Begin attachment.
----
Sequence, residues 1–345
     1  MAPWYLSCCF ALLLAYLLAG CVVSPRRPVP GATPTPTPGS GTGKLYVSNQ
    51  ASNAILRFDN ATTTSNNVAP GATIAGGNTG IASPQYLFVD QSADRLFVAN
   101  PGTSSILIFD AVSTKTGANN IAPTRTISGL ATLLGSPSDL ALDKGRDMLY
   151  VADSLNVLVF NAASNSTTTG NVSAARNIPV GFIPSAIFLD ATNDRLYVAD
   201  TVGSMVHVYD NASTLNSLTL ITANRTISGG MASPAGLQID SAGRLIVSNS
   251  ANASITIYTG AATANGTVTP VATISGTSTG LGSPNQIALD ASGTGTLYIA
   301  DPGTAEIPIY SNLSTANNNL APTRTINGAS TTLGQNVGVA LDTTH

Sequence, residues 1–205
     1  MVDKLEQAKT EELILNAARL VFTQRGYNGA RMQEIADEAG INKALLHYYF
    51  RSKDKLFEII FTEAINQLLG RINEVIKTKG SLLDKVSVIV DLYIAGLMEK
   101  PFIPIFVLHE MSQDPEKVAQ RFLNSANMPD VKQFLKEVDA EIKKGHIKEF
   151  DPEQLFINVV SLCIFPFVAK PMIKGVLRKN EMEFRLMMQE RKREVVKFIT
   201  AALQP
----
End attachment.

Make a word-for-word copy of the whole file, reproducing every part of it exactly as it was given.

Sequence, residues 1–345
     1  MAPWYLSCCF ALLLAYLLAG CVVSPRRPVP GATPTPTPGS GTGKLYVSNQ
    51  ASNAILRFDN ATTTSNNVAP GATIAGGNTG IASPQYLFVD QSADRLFVAN
   101  PGTSSILIFD AVSTKTGANN IAPTRTISGL ATLLGSPSDL ALDKGRDMLY
   151  VADSLNVLVF NAASNSTTTG NVSAARNIPV GFIPSAIFLD ATNDRLYVAD
   201  TVGSMVHVYD NASTLNSLTL ITANRTISGG MASPAGLQID SAGRLIVSNS
   251  ANASITIYTG AATANGTVTP VATISGTSTG LGSPNQIALD ASGTGTLYIA
   301  DPGTAEIPIY SNLSTANNNL APTRTINGAS TTLGQNVGVA LDTTH

Sequence, residues 1–205
     1  MVDKLEQAKT EELILNAARL VFTQRGYNGA RMQEIADEAG INKALLHYYF
    51  RSKDKLFEII FTEAINQLLG RINEVIKTKG SLLDKVSVIV DLYIAGLMEK
   101  PFIPIFVLHE MSQDPEKVAQ RFLNSANMPD VKQFLKEVDA EIKKGHIKEF
   151  DPEQLFINVV SLCIFPFVAK PMIKGVLRKN EMEFRLMMQE RKREVVKFIT
   201  AALQP